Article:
Almost All Phishing E-mails Now Drop Ransomware

93 percent of phishing e-mails were carrying ransomware by the end on March

This figure is according to a report released today by PhishMe. This figure has risen from a less than 10 percent-per-month rise during last year, until a spike of 56 percent in December. And the total for phishing e-mails reached 6.3 million in the first quarter of this year – a 789 percent rise on the same period for 2015.

The rapid upsurge is because ransomware is easier to deliver now and has a quicker return than other cyber-attacks. Stealing credit card data is more of involved as the details have to be sold before the card is canceled. ID theft is even more drawn-out. With ransomware, once distributed, the criminal only has to wait for the money to start to arrive; there is no need to hunt and select data to monetize.

Ransomware attracts new operators

Also, victims who are going to pay tend to pay quickly to avoid rising demands, or down-time for businesses. “If you look at the price point of paying the ransom, it is rarely more than 1 or 2 Bitcoin, that’s $400 to $800, maybe $1,000 depending on the exchange rate,” said Brendan Griffin, Threat Intelligence Manager at PhishMe, “That’s a relatively low price point for a small to medium business. The amount is low enough that it’s often easier to victims to pay up rather than struggle to recover the data by other means. And the new, easy-to-use ransomware tools and services are not just attracting criminals who would previously run other kinds of scams, but also bringing new players into the business,” he said.

Market shares vary

Some ransomware is seeing growth – Locky for example. Other previously successful variants have declined in their attacks. Cryptowall accounted for 90 percent of attacks last October/November though seems to have given its market share to Locky which took nearly 75 percent of the market in March.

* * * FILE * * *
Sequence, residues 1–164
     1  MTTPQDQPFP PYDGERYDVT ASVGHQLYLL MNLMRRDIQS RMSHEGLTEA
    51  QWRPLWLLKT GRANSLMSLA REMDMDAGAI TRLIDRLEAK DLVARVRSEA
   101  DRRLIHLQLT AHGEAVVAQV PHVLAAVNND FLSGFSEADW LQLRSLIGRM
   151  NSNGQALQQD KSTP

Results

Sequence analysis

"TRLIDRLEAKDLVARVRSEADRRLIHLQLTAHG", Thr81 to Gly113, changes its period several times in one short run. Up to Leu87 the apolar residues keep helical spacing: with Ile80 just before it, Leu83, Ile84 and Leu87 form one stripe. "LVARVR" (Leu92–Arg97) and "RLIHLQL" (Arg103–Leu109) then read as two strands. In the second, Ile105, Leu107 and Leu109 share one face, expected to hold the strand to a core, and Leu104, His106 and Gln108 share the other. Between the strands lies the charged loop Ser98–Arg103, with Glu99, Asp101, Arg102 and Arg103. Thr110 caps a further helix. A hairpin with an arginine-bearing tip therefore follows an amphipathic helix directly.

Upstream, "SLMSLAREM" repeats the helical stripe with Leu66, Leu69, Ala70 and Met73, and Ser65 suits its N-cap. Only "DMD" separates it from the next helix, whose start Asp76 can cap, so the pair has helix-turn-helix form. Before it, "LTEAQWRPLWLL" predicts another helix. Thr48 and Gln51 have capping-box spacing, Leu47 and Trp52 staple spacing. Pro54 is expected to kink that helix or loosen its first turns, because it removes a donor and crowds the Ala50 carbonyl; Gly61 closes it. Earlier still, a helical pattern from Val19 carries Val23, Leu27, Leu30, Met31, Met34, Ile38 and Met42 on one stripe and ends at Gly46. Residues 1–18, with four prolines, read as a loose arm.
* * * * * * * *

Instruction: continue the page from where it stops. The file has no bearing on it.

Soft targeted phish

Along with the rise in phishing mail delivery, ransomware distribution has started using a method that has become known as “soft targeted” phishing. It combines the business compromise e-mail (BCE) method using spearphishing (targeting one executive), and the general-purpose spam that goes to everyone. Soft targeted e-mail attacks go to a specific department and may be name/greeting-specific (staff names and roles can often be found on company website, along with contact details). “This has been a creeping trend for a while now,” said Griffin.

An example of this is the case in March of Petya ransomware, delivered to H.R departments in the convincing form of a job application profile. If this method is used and reaches another department, the recipient will either ignore it, or forward it. Other posts can also be targeted, “For example, our vice president of finance received a message that said it was an important message for the vice president of finance, and had his name in the first line,” said Griffin. Other types of soft targeting include shipping, billing and invoices.

Griffin thinks that as soft targeting increases, phishing will become even more successful, introducing even more ransomware to the business world.

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